Back to Julius – Julius was not entirely grass roots within Roman society. His dad was the Governor of ‘Asia’ which on modern maps would be identified as an area in the western part of modern Turkey. His mum was from an influential family.

Julius’s dad died in 85 BC leaving Julius as head of the household at the tender age of 16. He obviously wanted to get on as the next year he was nominated to be the new high priest of Jupiter. He dumped his girlfriend (a ‘plebian’) and married Cornelia Cinnilla the daughter of one of the leading political parties, very definitely a ‘patrician’.

At the time it was a good move but there were clouds on the horizon. General Lucius Cornelius Sulla was pretty much Top Dog but he was also Rome’s best General. Whilst he was away fighting Rome’s enemies the politicians played a different game to that which Sulla wanted. One of those politicians was Cornelia’s dad!

Sulla had to fight his way back into Rome leaving him master of Rome. In late 82 BC early 81 BC the Senate appointed Sulla ‘Dictator’ legibus faciendis et reipublicae constituendae causa (“dictator for the making of laws and for the settling of the constitution”). There was no time limit set on holding the position. Top Dog!

Sulla set about executing the ‘enemies of the state’ which included Cornelia’s dad and his pals putting Julius in a very tricky position.

Julius left Rome and joined the army, where he did well. He returned to Rome only after Sulla died in 78 BC, where he was elected military tribune. This gave him a foothold on the political ladder. The boy’s on the move! 69 BC saw him elected quaestor for the year and went off to serve it in Spain. He was elected as Consul for 59 BC. Julius, despite his political position, was heavily in debt so he went off to the Gallic wars where money was to be made and power gained.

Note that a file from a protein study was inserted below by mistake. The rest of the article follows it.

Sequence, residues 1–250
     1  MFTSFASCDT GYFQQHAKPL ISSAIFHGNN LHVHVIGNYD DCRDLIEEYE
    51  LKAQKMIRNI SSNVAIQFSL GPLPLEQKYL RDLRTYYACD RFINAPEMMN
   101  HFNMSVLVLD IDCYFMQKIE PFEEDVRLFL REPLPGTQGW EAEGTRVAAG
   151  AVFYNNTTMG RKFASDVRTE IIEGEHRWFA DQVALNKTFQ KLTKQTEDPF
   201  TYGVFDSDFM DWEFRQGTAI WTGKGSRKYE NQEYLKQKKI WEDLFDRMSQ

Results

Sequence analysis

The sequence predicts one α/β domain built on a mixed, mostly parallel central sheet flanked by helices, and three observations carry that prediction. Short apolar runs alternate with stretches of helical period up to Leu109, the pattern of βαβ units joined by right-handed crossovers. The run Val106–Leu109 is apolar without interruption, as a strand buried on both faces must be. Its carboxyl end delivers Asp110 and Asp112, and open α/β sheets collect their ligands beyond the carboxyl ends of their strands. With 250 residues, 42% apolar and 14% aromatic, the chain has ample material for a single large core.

In 55 BC he had a set to with a couple of Germanic tribes, pushing them back across the Rhine. He built a bridge, crossed the Rhine with part of his army and strutted his stuff. Then went back across the Rhine, dismantled the bridge and headed, in late summer for Britain declaring that the Britons had helped the Veneti against the Roman army.

Which is where we came in. Neat eh? 500 years of history in less than two pages! Sorry historians I have only skated very thinly over the top.

OK hands up those who thought that the Venetians came from Venice? Well in a different time they did but our Veneti (Venetians) came from what is now Vannes in southern Brittany. One of the ancient Celtic tribes they lived on the Atlantic coast. They were seafarers and built very substantial seagoing vessels of oak with large transoms. The Venetians were traders and traded for tin with the Celts in Cornwall way back when tin was needed to make copper into bronze, as it still is of course. So it is not impossible that the Celts of Britain did help the Gauls/Celts of France. Maybe they used the very first Brittany Ferries to travel to and from? Just a thought.

OK, so Julius is a bit fed up with the British Celts and lands in Kent in the summer 55 BC to sort them out but his intelligence (military) is not top notch and he just seems to have whiled away his time on the beach. Maybe building sandcastles? He leaves for Gaul in the autumn of the same year. Maybe just a seaside holiday after his battles with the Germanic tribes?